Wednesday, January 03, 2018

Machine learning is all around us: it informs everything fromour Facebook feed ...

If every tiny flower, or every tiny blog like the MEdia Dragon, wanted to be a rose, spring would lose its loveliness.
— Thérèse of Lisieux, born in 1871 who believed that the losers were the real winners ;-)

On the Human Mind - The Catholic Thing:
P.G. Wodehouse’s novel Uncle Dynamite concerns the exploits of Frederick Altamont Cornwallis, the fifth Earl of Ickenham. After a dispiriting session with his erratic Uncle, Lord Ickenham (alias Uncle Dynamite), Reginald “Pongo” Twistleton-Twistleton gloomily reflected on the nature of the human mind: “But the human mind is capable of strange feats. You never know where you are with it.”

Tax Law Offers a Carrot to Gig Workers. But It May Have Costs. NYT“ is a newly launched site [by attorneys Dave and Susan Berson] that lives up to its name. It provides a repository where US citizens can access a wealth of resources pertaining to digital currencies. If you’ve ever wondered how anti-money laundering laws affect bitcoin ATMS, or how bitcoin fits into estate planning, you’ll find the answer here. The site doesn’t purport to offer ironclad legal advice, and its information should be taken as guidance rather than gospel. As an introduction to US law and how it affects you as a cryptocurrency user, however, it’s just the ticket.” [h/t Pete Weiss]

World Economic Forum: “…Machine learning is all around us: it informs everything fromour Facebook feed, our suggested traffic routes in Google Maps, our autopilot email spam filters, and even the security of our banking information. But current day iterations of machine learning have r adically evolved since the 1600s. Today, machines can learn with only minimal human intervention. Through machine learning, technologists have mimicked the way the human brain works by producing sophisticated systems called neural networks. In turn, neural networks enable deep learning, an outcome that has produced computer systems superseding human intelligence…”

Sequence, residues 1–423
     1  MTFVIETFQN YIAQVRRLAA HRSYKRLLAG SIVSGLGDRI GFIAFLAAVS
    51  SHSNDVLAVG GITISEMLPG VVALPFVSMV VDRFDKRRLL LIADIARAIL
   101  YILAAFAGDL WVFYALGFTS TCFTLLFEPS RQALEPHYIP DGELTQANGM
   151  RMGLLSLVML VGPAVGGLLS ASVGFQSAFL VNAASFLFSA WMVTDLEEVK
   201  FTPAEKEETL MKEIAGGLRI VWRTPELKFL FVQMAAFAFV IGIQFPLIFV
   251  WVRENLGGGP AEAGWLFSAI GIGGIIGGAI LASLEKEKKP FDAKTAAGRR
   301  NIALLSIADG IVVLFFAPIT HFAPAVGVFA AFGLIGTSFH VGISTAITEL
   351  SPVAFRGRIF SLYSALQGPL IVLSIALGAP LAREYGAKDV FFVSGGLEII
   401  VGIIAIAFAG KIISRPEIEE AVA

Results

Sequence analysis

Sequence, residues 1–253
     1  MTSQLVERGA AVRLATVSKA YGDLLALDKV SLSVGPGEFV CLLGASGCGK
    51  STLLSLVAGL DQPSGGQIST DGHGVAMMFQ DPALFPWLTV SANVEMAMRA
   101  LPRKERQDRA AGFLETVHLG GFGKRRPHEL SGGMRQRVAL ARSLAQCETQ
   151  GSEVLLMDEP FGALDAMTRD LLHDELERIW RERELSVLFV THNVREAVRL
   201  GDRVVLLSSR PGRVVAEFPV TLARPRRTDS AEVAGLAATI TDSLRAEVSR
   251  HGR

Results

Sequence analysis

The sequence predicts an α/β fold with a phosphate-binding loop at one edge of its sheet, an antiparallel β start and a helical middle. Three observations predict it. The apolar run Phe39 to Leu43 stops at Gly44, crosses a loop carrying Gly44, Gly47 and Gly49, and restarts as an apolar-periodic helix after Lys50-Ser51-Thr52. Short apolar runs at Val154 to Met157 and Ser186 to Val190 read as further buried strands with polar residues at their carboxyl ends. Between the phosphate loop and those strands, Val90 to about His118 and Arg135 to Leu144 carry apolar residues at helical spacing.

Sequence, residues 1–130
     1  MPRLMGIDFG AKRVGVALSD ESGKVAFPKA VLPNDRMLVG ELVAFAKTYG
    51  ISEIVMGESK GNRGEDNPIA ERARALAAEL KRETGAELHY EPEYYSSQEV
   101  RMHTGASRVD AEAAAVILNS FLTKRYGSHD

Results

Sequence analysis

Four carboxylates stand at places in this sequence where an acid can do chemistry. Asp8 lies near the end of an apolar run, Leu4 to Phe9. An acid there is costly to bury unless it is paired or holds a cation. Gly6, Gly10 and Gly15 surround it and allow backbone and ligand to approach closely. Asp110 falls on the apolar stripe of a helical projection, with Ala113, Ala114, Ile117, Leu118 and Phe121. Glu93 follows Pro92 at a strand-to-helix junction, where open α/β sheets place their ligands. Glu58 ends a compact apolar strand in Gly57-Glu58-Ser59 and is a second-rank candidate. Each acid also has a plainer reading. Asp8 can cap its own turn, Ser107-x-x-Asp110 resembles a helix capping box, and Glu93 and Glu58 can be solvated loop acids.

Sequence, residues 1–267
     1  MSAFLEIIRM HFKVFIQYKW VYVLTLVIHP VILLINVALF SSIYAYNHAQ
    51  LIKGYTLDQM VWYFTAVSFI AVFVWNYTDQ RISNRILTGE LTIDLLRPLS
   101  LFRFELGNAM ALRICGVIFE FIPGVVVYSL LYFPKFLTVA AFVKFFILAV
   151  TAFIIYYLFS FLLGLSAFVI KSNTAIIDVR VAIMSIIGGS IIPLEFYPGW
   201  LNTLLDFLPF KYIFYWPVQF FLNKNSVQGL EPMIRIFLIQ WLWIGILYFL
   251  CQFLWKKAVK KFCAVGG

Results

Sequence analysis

ABA Journal: ” Every week brings news of major new cyberattacks—the stealing of personal information from Equifax and the federal Office of Personnel Management, the Petya and WannaCry ransomware worms, the Russian hacking of the Democratic National Committee’s emails, to name a few. Indeed, the cyberthreat from criminals, hacktivists and state actors is growing. The costs associated with these malicious activities are staggering: Last year, the Commission on the Theft of American Intellectual Property estimated that the annual cost of IP theft in three major categories may be as high as $600 billion and that the low-end total exceeds $225 billion, or 1.25 percent of the U.S. economy. Law firms have not been immune. In fact, they have been a ripe target…The nature of their work and the resulting sensitive data make law firms enticing targets. Law firms conduct due diligence and internal investigations, negotiate settlements, provide advice on regulatory issues, and handle important contractual negotiations and litigations. In the course of their representations, they often have access to a wide range of confidential client information, including trade secrets and other intellectual property, financial data, business strategies and national security information. All of this can be valuable to criminals seeking monetary gain, to businesses seeking a competitive edge or to foreign intelligence services…”

“Moments after President Donald Trump took the oath of office last January, nearly all references to climate change disappeared from the White House official website. A page detailing former President Barack Obama’s plans to build a clean energy economy, address climate change, and protect the environment became a broken link (archived here). Instead, “An America First Energy Plan” appeared, which touted Trump’s commitment to eliminating “harmful and unnecessary policies,” such as the Climate Action Plan that proposed a reduction in carbon emissions. Now, the web address leads to a collection of energy and environment fact sheets, White House news, and remarks by the president. Whenever a new administration takes charge, government websites are often revised. But during the Trump administration’s first year in office, a striking number of references to science, climate, energy, and the environment have all but disappeared from various governmental websites….But even though website changes range from negligible to rebranding, in some cases they reach the level of what critics assert is outrightcensorship. “Each one represents a slow chipping away at science communication from the government,” said Gretchen Goldman, the research director for the Center for Science and Democracy at the Union of Concerned Scientists…”